E se o pronome "ele" significar "ele ou ela"...

No português, as vezes podemos utilizar o pronome ele para indicar tanto o masculino quanto o feminino. E as vezes até podemos utilizar o pronome ela. Por exemplo:

"Alguém está batendo na porta. É melhor eu atender antes que ele quebre a porta!"

"Tem uma pessoa querendo falar com você. Ela disse que é urgente."

Não sou bom em gramática portuguesa, mas entendo que (me corrijam, caso eu esteja errado) na primeira frase usamos 'ele' por ser "alguém" um substantivo masculino. Enquanto que na segunda frase usamos "ela" por ser "pessoa" um substantivo feminino. Em inglês, como eu devo lidar com isso. Tenho em minha memória que já li em algum lugar quando menor que devíamos usar o "it". Por exemplo, deveria escrever:

"Someone is knocking on the door. Is better I meet before it breaks down the door!"

"There is a person that want to talk with you. It said that is urgent."

Isto está correto?
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Hi there!

It is not correct.
You can he or she, the person, or not to use a pronoun at all, see:

Someone is knocking on your door, it is better answer before it is broken. :x

It para a porta não a pessoa.

Other possibilities:
... better answer before they break it.
... better answer or he/she will break it.
... The person will break it.

Todos os "it" são referências à porta.

Normalmente não generalizamos no inglês com a forma masculina como no português. Não é correto o uso de "it" pois até para os pets que amamos costumamos usar he / she.
Já o plural they pode ser usado sem problemas para pessoas ou animais e coisas.

:mrgreen:
I'll try to answer in English. I'm learning yet, so sorry for my English...

In the case of the door's sentence, we can reformulate the sentence like you suggest. But in general, it's not possible to do this. For instance, the second sentence that I wrote:

"Tem uma pessoa querendo falar com você. Ela disse que é urgente."

How can I say this? It's true that I can say:

"There is a person that want to talk with you. This person said that is urgent."

But this repetition of "person" make the sentence ugly and I think that it's unnecessary. And, of course, we can't say:

"There is a person that want to talk with you. She said that is urgent."

When a priori we don't know the genre of this person. On other side, like you said, we can't use "it". So, my conclusion is that we can't say. The only way is to reformulate the sentence. Trying to say in other way that avoid to use the pronoun. Is this?
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Hi there!

Jus to correct my own mistakes: ;)

You can use he or she, the person, or not to use a pronoun at all, see:

Someone is knocking on your door, it is better to answer before it is broken. :roll:

It para a porta não a pessoa.

Other possibilities:
... better to answer before they break it.
... better to answer or he/she will break it.
... or the person will break it

Todos os "it" são referências à porta.

Normalmente não generalizamos no inglês com a forma masculina como no português. Não é correto o uso de "it" pois até para os pets que amamos costumamos usar he / she.
Já o plural they pode ser usado sem problemas para pessoas ou animais e coisas.

:geek:
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Walner Mendonça escreveu:I'll try to answer in English. I'm learning yet, so sorry for my English...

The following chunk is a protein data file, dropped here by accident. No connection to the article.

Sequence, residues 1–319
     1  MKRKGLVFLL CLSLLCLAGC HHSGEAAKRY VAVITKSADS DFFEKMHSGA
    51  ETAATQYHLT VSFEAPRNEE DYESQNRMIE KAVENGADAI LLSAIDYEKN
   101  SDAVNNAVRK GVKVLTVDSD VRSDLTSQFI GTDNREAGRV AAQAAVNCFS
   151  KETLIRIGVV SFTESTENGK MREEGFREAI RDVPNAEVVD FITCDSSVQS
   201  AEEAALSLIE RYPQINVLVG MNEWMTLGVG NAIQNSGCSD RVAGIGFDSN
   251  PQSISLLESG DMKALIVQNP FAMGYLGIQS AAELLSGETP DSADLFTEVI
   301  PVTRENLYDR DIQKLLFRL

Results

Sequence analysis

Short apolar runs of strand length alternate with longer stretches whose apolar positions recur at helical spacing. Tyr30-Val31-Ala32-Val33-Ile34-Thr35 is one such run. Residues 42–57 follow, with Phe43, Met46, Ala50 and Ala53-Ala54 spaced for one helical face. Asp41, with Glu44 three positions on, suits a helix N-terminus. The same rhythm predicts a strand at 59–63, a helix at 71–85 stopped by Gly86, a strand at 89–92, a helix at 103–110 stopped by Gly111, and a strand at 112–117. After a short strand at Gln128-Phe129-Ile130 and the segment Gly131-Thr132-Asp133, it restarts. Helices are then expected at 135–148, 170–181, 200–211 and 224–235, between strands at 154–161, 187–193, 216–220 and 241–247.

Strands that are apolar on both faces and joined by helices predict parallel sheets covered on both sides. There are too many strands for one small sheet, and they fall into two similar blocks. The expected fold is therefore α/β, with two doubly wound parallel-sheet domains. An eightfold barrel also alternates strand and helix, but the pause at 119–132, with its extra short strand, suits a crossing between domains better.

In the case of the door's sentence, we can reformulate the sentence like you suggest. But in general, it's not possible to do this. For instance, the second sentence that I wrote:

"Tem uma pessoa querendo falar com você. Ela disse que é urgente."

How can I say this? It's true that I can say:

"There is a person that want to talk with you. This person said that is urgent."

But this repetition of "person" make the sentence ugly and I think that it's unnecessary. And, of course, we can't say:

"There is a person that want to talk with you. She said that is urgent."

When a priori we don't know the genre of this person. On other side, like you said, we can't use "it". So, my conclusion is that we can't say. The only way is to reformulate the sentence. Trying to say in other way that avoid to use the pronoun. Is this?


Hello, I just want to say that English is such a "rich" language, I am sure you can find a way to say whatever you want, maybe many ways.

See some examples:
There's someone that wants to talk to you, this person said it is urgent.
Somebody just called (or left a message), he/she wants to talk to you (and asked to call her/him back).

In the first sentence you don't have a clue who is the person, I mean man or woman. In the second, whenever you use "he" or "she" you've got to be sure if you talking about a boy or a girl. :lol:
Don't say she referring to the word person, or people because "pessoa ou pessoas" in English do not apeal to gender as we see Portuguese.

Your first sentence could be:
"Someone is knocking on your door, it is better to answer before it is broken." (it - porta)

(angry) "Somebody is knocking on your door, I am afraid this idiot is going to break it before you answer." :x

(practical) "This person is knocking on your door, you'de better answer it. (it - porta) I'll call the police (on him/on her if you have that information)."

(logical) "There is a man knocking upon your door."
"A man, how do you know that? Can be a woman."
"Only a man knocks that strong..." :roll:

You can use "this" or "that" to refer to the person, and a quite long list of adjectives, but generalize He/She no, you can't or shouldn't, just avoid doing that.

:mrgreen: